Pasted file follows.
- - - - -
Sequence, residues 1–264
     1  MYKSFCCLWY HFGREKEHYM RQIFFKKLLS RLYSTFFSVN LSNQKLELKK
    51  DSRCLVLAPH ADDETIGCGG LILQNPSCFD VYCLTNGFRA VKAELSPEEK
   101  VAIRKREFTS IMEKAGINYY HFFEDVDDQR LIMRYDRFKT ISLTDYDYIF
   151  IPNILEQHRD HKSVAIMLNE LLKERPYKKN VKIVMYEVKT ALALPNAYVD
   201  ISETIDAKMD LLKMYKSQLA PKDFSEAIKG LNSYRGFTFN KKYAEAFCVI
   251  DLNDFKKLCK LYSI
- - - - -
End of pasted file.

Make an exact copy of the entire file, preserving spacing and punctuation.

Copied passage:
Sequence, residues 1–264
     1  MYKSFCCLWY HFGREKEHYM RQIFFKKLLS RLYSTFFSVN LSNQKLELKK
    51  DSRCLVLAPH ADDETIGCGG LILQNPSCFD VYCLTNGFRA VKAELSPEEK
   101  VAIRKREFTS IMEKAGINYY HFFEDVDDQR LIMRYDRFKT ISLTDYDYIF
   151  IPNILEQHRD HKSVAIMLNE LLKERPYKKN VKIVMYEVKT ALALPNAYVD
   201  ISETIDAKMD LLKMYKSQLA PKDFSEAIKG LNSYRGFTFN KKYAEAFCVI
   251  DLNDFKKLCK LYSI